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The Anēwan, also written Anaiwan and Anaywan, are an Aboriginal Australian people whose traditional territory spans the Northern Tablelands in New South Wales.


The Anēwan language, also known as Nganyaywana, has been classified by Robert M. W. Dixon as belonging to the Djan-gadi/Nganjaywana subgroup of Central New South Wales, and was one of three varieties of the group, the other dialects being Himberrong and Inuwon.[1] For a long time Anēwan was regarded, like Mbabaram, as a linguistic isolate, ostensibly failing to fit into the known Australian patterns of language, since the material in word-lists taken down of its vocabulary appeared to lack cognates in contiguous languages such as Gamilaraay. The status of its seeming irregularity was solved in 1976 by Terry Crowley who showed that the differences were caused by initial consonant loss which, once accounted for, yielded up over 100 cognate terms between Anēwan and other languages and dialects of the region.[2][3] One of the peculiarities generated by this phenomenon of initial loss was that many homophones were created between originally distinct words, so that in Anēwan the word for goanna and bull ant became identical (janda).[3]


According to Norman Tindale, the Anēwan's traditional lands measured some 3,200 square miles (8,300 km2), spreading over the New England tableland from Moree, Guyra and Ben Lomond south to Uralla, Walcha, and the Moonbi Range. Northwest their borders ran to Tingha, and encompassed also Bendemeer and Armidale.[4] Neighbouring tribes were the Baanbay (Gumbaynggir) to their east;[a] the Djangadi to the south-east, the Yugambal (Jukambal) and Ngarabal to their north, and the Gamilaraay to the west.[5]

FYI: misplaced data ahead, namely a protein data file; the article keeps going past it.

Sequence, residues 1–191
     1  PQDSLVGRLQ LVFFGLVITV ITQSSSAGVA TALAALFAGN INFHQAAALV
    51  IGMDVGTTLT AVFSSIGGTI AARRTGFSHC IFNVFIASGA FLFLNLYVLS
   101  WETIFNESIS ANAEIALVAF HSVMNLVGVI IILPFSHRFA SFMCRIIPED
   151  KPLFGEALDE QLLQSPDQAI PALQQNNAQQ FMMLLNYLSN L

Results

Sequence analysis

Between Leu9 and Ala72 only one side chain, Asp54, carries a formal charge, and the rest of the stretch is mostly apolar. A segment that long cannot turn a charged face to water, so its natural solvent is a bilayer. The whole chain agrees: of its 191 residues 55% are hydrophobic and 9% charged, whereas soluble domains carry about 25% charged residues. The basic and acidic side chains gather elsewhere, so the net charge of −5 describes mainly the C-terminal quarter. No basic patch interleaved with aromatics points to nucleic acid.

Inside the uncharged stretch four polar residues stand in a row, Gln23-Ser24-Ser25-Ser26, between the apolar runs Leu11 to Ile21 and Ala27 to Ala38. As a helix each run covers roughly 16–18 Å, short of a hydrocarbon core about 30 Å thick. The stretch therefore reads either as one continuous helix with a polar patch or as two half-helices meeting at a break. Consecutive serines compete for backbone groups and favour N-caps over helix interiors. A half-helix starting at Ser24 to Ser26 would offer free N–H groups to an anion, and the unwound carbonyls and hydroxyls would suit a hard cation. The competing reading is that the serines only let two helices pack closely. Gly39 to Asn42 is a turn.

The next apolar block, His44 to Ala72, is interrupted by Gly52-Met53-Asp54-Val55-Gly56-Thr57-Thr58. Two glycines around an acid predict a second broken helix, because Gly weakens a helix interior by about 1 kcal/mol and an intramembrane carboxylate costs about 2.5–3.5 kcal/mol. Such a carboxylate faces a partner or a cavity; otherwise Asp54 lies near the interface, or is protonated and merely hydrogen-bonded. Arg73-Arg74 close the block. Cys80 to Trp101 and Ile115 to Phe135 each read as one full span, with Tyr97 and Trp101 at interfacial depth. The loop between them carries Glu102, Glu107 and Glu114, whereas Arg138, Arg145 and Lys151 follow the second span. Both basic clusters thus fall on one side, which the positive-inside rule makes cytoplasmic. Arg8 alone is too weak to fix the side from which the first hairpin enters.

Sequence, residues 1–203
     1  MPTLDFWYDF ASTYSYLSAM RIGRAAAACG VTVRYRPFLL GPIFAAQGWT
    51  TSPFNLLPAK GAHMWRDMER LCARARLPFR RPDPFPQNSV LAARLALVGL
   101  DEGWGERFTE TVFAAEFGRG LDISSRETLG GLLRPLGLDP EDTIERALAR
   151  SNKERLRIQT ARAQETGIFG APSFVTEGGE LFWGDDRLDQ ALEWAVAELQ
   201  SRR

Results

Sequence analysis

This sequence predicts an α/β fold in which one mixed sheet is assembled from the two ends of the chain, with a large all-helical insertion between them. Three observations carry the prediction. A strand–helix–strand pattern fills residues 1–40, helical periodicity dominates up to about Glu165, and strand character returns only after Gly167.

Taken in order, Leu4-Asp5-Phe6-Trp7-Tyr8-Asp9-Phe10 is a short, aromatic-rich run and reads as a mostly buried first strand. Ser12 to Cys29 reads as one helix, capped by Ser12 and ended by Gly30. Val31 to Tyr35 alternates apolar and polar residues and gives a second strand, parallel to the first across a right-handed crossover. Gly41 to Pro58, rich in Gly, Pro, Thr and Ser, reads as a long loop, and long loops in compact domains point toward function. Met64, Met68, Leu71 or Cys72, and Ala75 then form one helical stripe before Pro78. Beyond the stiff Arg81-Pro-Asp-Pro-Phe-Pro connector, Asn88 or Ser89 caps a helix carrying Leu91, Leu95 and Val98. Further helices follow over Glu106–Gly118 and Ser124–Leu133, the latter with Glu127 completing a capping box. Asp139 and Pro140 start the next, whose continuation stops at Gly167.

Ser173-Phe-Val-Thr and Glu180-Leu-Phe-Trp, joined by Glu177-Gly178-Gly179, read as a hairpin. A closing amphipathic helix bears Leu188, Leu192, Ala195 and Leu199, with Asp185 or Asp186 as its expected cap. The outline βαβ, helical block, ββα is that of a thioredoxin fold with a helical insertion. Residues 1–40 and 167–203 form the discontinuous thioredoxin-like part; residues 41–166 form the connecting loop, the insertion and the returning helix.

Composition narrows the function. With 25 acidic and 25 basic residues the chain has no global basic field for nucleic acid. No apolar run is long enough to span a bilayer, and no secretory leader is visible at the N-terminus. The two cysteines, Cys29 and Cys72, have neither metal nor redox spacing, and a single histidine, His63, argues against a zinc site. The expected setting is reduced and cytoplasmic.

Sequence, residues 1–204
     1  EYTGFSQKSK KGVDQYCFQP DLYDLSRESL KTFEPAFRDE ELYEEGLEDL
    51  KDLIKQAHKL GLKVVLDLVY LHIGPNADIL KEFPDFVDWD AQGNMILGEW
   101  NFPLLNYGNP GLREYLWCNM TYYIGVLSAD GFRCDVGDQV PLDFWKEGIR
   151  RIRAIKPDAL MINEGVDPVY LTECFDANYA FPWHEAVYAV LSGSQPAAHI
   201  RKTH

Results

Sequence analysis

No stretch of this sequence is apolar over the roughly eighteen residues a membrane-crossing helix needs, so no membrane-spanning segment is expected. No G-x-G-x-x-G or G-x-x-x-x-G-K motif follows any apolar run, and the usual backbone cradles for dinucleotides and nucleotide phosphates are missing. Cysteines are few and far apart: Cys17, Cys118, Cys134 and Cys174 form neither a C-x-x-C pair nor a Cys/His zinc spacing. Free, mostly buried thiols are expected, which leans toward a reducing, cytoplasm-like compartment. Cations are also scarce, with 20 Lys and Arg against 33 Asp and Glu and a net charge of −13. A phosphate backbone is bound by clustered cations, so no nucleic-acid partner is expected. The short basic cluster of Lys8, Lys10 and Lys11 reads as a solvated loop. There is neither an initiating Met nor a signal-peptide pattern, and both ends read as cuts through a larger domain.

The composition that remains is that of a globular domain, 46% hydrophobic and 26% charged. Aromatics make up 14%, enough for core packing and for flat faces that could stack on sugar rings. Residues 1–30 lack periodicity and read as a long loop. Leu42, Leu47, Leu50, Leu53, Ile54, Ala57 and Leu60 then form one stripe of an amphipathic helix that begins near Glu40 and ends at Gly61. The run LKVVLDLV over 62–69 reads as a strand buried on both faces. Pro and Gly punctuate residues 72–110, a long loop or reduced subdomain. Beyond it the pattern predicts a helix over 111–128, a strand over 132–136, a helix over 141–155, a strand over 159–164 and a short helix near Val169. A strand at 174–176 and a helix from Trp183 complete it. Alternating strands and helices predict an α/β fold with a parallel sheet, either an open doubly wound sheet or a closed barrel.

Social structure[edit]

The Anēwan consisted of several clans, one of which was the Himberrong horde. Their section names were:

  • Irong feminine Arkan
  • Arpong feminine Iran
  • Iyong feminine Patjang
  • Imbong feminine Irakena.

The Irong intermarried with the Iyong, and the Arpong with the Imbong.[6]


By the time R. H. Mathews began to record elements of the Anēwan language in 1903, remnants of the original tribe had been widely dispersed over New England.[7] Those who remained in Armidale lived on a site on the town fringes known as "The Dump", in humpies built close to the rubbish tip, which were devoid of the basic amenities of water, sewerage and electricity, and jerry-rigged by using hessian bags, corrugated sheet iron and cardboard boxes. In 1960, four children died and 11 were hospitalised from infections picked up in conditions that were called "appalling". The government then allocated funds to clean up the area and built cottages in fibro cement for its residents. Eventually, these were replaced by brick units in a settlement which the local Aboriginal community named Narwan.[8]

Some words[edit]

  • dunya (penis)[3]
  • gyaya (food)[2]
  • ilgaiwa (summer)[9]
  • jarrwanba (winter)[9]
  • mbunya (mbanyja) (kangaroo)[2][10]

Notable people[edit]


  1. ^ Hoddinott showed that the Baanbay language described as a spoken by a distinct group was simply a minor variant of Gumbaynggirr (Hoddinott 1967, pp. 56–60)


  1. ^ Dixon 2002, p. xxxiv.
  2. ^ a b c Dixon 1980, pp. 196–197.
  3. ^ a b c Reid 2009, p. 244.
  4. ^ Tindale 1974.
  5. ^ McDonald 1996, p. 181.
  6. ^ Radcliffe-Brown 1930, p. 234.
  7. ^ Mathews 1903, p. 251.
  8. ^ Woolmington 1991, pp. 25–37.
  9. ^ a b Reid 2009, p. 247.
  10. ^ Reid 2009, p. 253.